America's First Bibles

Pacific Coast Tyndale Conference, 29 January to 1 February 1998

The Portuguese explorer Juan Rodriguez Cabrillo discovered San Diego Bay on September 28, 1542. Two centuries later the Spanish Franciscan missionary Padre Junipero Serra began the Spanish conquest of Alta California with the foundation of San Diego Mission. This was the first of 21 Missions that give the coast of California its Spanish heritage of names, architecture and Catholicism. In Serra's lifetime over 5,000 Indians were baptised and more than 5,000 confirmed.

This southern Californian heritage was a strange setting for the Tyndale Society's first American conference. No Protestant martyrs and monuments here; rather, there is a magnificent white statue of an idealised Cabrillo at the end of Point Loma just below the old lighthouse. From this commanding point the Pacific (belying its name thanks to El Niño) stretches west, the coastline of Baja California, Mexico stretches south, and, to the east, downtown San Diego stretches up. There were whales to be seen for those lucky enough to spot them. C5A transports glided past into Coronado Island naval base. Yachts flickered where the America's Cup was defended and then lost. Grey-green chaparral, palm trees and humming birds added to the exotic mixture, new to many of the Europeans who had come to this conference.

Not far from the Cabrillo monument some seventy veterans of past Tyndale conferences and new friends gathered at Point Loma Nazarene College. Host and impresario was Professor Barry Ryan; to him goes out, gratitude for hospitality, for quiet efficiency of organisation, and for yet another marvellously informative and stimulating Tyndale conference.

On the third anniversary of the founding of the Tyndale Society, David Daniell opened the first session, declaring the mission 'to right the gigantic wrong done to this man William Tyndale'. As well as the delegates, some three hundred students from the college heard this declaration. Members of the Society know well the towering importance and the genius of Tyndale, but full general recognition of his stature and importance has still to be achieved.

Andrew Hope, editor of Reformation, followed with a delightfully-titled paper, 'ructions at the mill of salvation', tracing through various woodcuts how the image of the mill of salvation moved from a concentration on the sacraments to the word of Scripture as central for grace in the time of Henry VIII, and sketched how the complications of this shift affected America.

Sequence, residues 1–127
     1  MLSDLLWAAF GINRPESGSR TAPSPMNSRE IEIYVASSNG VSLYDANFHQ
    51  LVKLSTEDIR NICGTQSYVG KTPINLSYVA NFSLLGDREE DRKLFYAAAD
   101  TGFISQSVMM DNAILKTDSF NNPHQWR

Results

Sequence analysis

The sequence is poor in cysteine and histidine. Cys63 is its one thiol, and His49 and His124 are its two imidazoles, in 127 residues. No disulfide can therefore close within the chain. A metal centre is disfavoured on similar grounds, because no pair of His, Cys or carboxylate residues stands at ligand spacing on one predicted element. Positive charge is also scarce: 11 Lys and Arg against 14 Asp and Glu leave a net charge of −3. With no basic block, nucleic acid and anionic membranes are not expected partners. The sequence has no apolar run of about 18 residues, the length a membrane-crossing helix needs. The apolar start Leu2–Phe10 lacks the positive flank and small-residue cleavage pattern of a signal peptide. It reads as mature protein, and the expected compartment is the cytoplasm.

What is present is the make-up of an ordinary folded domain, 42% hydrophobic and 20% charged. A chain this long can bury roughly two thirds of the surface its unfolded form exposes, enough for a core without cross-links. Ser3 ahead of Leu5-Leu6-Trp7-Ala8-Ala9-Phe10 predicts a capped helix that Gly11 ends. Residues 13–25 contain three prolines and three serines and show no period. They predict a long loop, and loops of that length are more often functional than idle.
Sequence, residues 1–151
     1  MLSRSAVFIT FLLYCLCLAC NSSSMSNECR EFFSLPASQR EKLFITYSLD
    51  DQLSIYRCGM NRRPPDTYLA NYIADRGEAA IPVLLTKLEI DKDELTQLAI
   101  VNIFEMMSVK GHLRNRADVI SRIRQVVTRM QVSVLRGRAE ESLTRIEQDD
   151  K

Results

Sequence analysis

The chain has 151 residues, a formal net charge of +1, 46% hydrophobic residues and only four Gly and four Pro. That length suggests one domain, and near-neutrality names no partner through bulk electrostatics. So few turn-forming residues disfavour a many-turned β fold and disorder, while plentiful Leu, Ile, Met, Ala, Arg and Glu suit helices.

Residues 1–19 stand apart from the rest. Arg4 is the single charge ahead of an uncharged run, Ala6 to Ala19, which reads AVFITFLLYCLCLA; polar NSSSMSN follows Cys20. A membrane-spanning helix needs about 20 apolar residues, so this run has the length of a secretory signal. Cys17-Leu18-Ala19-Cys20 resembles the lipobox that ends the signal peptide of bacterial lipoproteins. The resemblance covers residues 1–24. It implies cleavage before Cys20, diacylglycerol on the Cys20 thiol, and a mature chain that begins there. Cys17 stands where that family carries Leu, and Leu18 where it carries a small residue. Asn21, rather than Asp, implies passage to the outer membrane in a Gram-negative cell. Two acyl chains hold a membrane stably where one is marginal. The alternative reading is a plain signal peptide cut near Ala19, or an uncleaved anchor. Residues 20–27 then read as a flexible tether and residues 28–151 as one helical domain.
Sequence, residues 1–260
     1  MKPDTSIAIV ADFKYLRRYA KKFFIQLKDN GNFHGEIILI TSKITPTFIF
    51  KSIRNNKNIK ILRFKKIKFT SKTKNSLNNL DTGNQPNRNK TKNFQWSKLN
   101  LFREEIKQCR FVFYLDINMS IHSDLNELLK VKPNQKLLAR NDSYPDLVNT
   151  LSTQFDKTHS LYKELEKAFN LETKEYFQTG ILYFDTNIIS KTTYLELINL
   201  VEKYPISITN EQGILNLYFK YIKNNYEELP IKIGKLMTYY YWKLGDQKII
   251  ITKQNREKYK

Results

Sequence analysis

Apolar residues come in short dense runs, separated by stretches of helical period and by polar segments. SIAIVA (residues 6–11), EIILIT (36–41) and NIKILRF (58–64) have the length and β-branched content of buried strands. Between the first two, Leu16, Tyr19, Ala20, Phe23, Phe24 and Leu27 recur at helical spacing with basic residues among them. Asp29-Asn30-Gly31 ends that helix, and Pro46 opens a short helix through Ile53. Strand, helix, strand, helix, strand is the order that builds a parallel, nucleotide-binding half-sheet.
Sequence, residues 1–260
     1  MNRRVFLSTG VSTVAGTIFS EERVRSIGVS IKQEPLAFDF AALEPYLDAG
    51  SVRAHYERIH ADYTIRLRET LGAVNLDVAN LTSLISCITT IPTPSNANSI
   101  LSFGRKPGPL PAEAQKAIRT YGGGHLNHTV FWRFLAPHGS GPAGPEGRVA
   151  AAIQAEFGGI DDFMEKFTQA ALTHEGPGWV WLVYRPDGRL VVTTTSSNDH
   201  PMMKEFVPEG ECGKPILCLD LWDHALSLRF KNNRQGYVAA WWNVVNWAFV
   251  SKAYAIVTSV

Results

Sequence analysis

'The emphasis on the word, as always with Tyndale conferences, was central to the papers. From the point of view of translators, Sir Rowland Whitehead and Neil Inglis looked with insight and humour at Bibles ranging from Tyndale's to that of the Jesus Seminar. There were papers on particular points of translation. Among these, John Wright's examination of the way translators have used or avoided the word 'miracle' nicely brought out how theological and communal tendencies influence translation. So the 32 uses of 'miracle' in the KJB New Testament are reduced to 9 in the Revised and American Standard Versions, and 6 in the New Revised Standard Version; 'miracle' disappears from the Gospels. But an evangelical reaction leads to the New International Version using 'miracle' 31 times. Reflecting the other extreme of concern about language, I showed how Noah Webster, the American lexicographer, tried with mixed success to make the language of the KJB conform to the best contemporary American standards.

Some of the papers dealt with commentaries. Nicholas Cranfield gave an enlightening picture of the commentaries that were available to the early Puritans in New England. Then Stephen Stein gave us a fascinating account of the annotations to the Bible made by the eighteenth-century American Calvinist, Jonathan Edwards. This 'Blank Bible', now kept at Yale, is a series of booklets with the KJB text interleaved with some 10,000 mostly exegetical notes. As so often, a general historical picture and an individual study mixed together profitably.

I cannot do justice to all the papers. Those I have mentioned only begin to show the quality and the range of interest. With apologies to the many I have omitted, let me finish with two papers that I found of special interest. Guido Latré showed the physical proximity of a large number of the early printers and translators in Amsterdam in the 1520s and 1510s. English, French and Dutch translations were all produced within a new houses of each other, sometimes with the same people involved. There is a book to be written on the Antwerp printing trade and the creation of vernacular Bibles.